How far can it reach in under 100 years? About Tau Ceti’s distance – 11.9 ly. To reach GJ 581c requires ~152 years and about 540,000 tonnes initial mass, minimum. For the same mass as the minimum time to Alpha Centauri, the trip to GJ 581c takes 164 years. Patience is required, it seems.
Blogging helps collect one’s thoughts. After the previous post I revisited my presentation and mass-models, only to discover a significant mistake in a key cell reference in Excel. Yikes! Re-writing my equations’s references I managed to shave a significant number of years off the minimum voyage time to Alpha Centauri via a mag-sail equipped “Daedalus” 2nd Stage. And update the affected slide being presented by my friend Pat Galea (thanks again, Pat!)
Now I am really interested in what a two-stage “Daedalus”+Mag-Sail can do. More importantly, how far can we send it in 100 years? As fascinating as Alpha Centauri A & B (and Proxima) might be, the known exoplanets are all much further away. The nearest (arguably) habitable exoplanet is Gliese 581g at a distance of 20.3 light-years. Can we get there in under 100 years using fusion and mag-sails? Or do we need something different?
Something about my mass model of “Daedalus” didn’t sit right with me, so I recomputed the tankage from first principles. The percentages were more like 5%, thus meaning a slightly slower fastest time – 71.58 years with an initial mass of 281,181 tonnes.
While “Daedalus” can cruise at 0.12-0.14c, meaning speedy trips to Alpha Centauri, compared to the above, the problem is that there’s no way of stopping at such speeds – finite tank mass means an infinite mass of propellant would be required.
I went on to compute the performance of a magnetic sail equipped vehicle and got quite an encouraging result – which I’ll post here after the Symposium presentation itself, which is in a matter of days. Traveling to Alpha Centauri via fusion rocket in sub-50 years will be an immense engineering challenge, so one hopes better options will arise. Jonathan Vos Post has a paper online which is a good example of the extreme performance required for very rapid flybys – a perfectly efficient fusion motor, a five stage vehicle, and a mass-ratio of ~100,000 means a flight in ~9 years or so. Wildly unrealistic, but illustrative of the effort needed.
To do better will need something better than rockets, but not necessarily more powerful than fusion energy.
Currently I am working on a paper & presentation for the 100 YSS Symposium in Houston, to be presented by an Icarus colleague. I am examining the effectiveness of using a magnetic-sail to brake to low-speeds in the target system, but part of that is a comparison with a pure fusion rocket. As it is still the most detailed design for an interstellar fusion rocket I am using the performance characteristics of the “Project Daedalus” star-probe. The most economical use of propellant for pure-fusion is to boost up to cruise speed using the 1st Stage, drop the spent stage, then brake using the 2nd Stage after a period of cruising. “Daedalus”, due to its ignition system and the tricky physics of implosion ignited fusion, had two different exhaust velocities for the stages – 1st Stage was 10,600 km/s and 2nd Stage was 9,210 km/s.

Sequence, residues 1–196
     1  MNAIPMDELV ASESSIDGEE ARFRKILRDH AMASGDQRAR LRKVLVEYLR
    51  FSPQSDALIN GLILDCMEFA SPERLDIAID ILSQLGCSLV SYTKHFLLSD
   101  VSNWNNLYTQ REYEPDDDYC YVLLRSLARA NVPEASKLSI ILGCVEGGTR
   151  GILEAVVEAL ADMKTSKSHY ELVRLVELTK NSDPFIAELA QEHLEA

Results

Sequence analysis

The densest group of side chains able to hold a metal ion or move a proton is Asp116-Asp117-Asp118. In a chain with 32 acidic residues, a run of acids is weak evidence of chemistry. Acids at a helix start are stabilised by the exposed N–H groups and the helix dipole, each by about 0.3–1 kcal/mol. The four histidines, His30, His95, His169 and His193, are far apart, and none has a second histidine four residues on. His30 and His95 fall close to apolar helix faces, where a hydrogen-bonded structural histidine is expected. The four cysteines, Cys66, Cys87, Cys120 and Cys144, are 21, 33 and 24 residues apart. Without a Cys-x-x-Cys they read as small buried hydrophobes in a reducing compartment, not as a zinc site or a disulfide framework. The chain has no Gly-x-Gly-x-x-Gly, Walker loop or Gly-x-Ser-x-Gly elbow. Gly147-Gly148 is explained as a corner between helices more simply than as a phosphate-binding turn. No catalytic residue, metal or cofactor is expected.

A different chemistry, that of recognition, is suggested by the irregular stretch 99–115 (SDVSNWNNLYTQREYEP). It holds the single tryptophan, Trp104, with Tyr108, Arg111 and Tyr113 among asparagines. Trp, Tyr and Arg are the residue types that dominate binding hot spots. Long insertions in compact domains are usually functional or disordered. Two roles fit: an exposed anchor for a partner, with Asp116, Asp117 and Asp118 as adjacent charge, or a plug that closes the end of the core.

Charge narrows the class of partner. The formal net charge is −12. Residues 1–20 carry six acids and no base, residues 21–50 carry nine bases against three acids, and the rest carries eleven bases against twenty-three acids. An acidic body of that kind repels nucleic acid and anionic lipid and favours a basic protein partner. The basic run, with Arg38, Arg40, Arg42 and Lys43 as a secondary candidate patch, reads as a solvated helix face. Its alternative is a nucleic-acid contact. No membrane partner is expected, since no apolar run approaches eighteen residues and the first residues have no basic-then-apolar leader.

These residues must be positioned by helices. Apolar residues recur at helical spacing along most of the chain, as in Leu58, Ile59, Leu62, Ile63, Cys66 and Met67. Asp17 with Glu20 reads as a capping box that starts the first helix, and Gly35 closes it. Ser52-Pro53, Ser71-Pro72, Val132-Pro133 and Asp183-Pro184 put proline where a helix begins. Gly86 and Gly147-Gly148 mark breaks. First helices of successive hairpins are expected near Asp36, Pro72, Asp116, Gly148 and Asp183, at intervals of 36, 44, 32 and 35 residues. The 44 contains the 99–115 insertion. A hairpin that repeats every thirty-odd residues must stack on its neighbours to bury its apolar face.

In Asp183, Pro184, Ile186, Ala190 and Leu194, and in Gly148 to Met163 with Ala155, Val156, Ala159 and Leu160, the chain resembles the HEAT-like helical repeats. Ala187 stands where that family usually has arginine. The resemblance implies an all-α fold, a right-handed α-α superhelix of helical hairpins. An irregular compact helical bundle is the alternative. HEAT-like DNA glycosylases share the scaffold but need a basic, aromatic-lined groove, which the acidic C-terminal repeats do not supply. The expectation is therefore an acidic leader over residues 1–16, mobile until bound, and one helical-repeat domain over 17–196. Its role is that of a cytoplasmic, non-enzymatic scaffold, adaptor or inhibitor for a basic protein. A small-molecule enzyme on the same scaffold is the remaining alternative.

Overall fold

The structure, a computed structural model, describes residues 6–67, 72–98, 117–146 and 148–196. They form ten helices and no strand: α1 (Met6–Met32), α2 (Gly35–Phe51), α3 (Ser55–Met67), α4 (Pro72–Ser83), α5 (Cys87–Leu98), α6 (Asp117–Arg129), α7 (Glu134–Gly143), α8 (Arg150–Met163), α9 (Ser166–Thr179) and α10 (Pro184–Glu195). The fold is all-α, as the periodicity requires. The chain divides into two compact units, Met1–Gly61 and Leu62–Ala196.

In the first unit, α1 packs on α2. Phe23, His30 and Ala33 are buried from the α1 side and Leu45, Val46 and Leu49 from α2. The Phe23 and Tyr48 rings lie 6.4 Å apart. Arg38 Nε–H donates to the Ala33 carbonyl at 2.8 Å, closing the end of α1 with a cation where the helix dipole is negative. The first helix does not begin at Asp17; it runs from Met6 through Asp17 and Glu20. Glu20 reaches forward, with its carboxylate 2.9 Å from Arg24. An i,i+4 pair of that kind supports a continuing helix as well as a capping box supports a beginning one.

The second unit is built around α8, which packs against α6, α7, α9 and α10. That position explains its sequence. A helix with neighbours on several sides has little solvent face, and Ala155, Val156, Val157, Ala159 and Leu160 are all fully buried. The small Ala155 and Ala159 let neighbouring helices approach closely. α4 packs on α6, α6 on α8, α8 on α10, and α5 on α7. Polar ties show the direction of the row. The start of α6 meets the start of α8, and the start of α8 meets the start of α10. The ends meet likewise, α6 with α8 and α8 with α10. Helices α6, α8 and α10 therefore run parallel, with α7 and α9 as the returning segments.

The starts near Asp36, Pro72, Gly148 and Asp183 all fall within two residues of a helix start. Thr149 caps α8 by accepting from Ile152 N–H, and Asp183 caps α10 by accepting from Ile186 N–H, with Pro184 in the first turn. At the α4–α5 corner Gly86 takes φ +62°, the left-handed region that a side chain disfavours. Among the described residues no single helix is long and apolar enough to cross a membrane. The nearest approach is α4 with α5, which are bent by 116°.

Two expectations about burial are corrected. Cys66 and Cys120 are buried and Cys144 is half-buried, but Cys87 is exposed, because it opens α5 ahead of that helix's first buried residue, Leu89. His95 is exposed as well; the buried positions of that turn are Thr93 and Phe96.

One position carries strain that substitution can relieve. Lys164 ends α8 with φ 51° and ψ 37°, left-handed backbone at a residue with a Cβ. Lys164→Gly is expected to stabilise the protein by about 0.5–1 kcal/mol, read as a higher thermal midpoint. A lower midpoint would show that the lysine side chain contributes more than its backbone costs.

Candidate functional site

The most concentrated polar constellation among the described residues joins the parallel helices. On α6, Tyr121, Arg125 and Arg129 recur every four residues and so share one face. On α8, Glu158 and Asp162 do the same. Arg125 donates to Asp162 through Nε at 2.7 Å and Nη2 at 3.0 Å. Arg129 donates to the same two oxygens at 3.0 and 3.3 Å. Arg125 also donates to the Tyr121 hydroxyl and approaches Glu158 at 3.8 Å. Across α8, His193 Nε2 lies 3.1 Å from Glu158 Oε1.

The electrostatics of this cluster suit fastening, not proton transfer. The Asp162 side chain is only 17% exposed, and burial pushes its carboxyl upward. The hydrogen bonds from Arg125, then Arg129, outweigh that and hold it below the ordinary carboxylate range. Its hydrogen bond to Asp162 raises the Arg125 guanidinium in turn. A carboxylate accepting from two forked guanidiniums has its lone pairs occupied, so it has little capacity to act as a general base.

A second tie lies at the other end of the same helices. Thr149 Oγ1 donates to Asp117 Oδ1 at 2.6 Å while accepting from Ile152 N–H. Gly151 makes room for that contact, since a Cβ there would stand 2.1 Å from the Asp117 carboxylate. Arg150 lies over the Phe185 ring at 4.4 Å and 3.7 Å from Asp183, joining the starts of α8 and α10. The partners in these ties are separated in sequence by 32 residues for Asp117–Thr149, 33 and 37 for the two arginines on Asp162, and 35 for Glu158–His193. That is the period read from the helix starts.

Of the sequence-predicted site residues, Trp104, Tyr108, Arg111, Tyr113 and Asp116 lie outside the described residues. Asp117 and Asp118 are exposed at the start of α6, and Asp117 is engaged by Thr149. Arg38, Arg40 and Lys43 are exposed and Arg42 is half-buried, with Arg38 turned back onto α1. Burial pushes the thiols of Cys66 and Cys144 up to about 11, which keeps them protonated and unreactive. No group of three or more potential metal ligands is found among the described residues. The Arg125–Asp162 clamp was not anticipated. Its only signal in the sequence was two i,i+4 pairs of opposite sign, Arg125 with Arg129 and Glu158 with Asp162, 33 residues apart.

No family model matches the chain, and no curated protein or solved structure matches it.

A limiting variable on the possible mass-ratio was the mass of the cryogenic tankage required to keep helium-3/deuterium fuel at a chilly 3 K storage temperature. For the 1st Stage the tankage was 2.85% of the fuel mass stored and 4% for the 2nd Stage. As a critical mass-ratio is approached the required mass of propellant goes asymptotic – runs off to infinity. Thus there’s a maximum cruise speed for a single stage using “Daedalus” style storage systems. It works out as 0.1c for the 2nd Stage engine. To achieve that speed requires infinite propellant mass, so it’s not really practical.
A more practical question is the fastest trip to a given destination. Rockets are limited in how quickly they can burn their fuel – Stage 1 burns it at 0.72 kg/s and Stage 2 burns it at 0.0711 kg/s. To achieve higher speeds requires burn-times that are asymptotically rising, when the critical mass-ratio is factored in.
Alpha Centauri is 4.36 light-years away. A two-stage “Daedalus” vehicle can travel there in 68 years at a maximum speed of 0.075c and then brake to a halt at the destination. However the amount of fuel required is about 300,000 tonnes. Going a bit slower – arriving in 71 years – can reduce the fuel required to just 140,000 tonnes. “Daedalus” carried an immense payload by modern standards – 450 tonnes, the equivalent of the International Space Station. The recent paper on boot-strapping a robotic economy on the Moon only required delivery of 41 tonnes to kick-start things. A large exo-solar industrial base could be sent to other star systems in a decent time frame to build, in advance of human arrival, large laser or mass-beam facilities to decelerate a human-carrying star-ship. Such would allow much faster trip-times.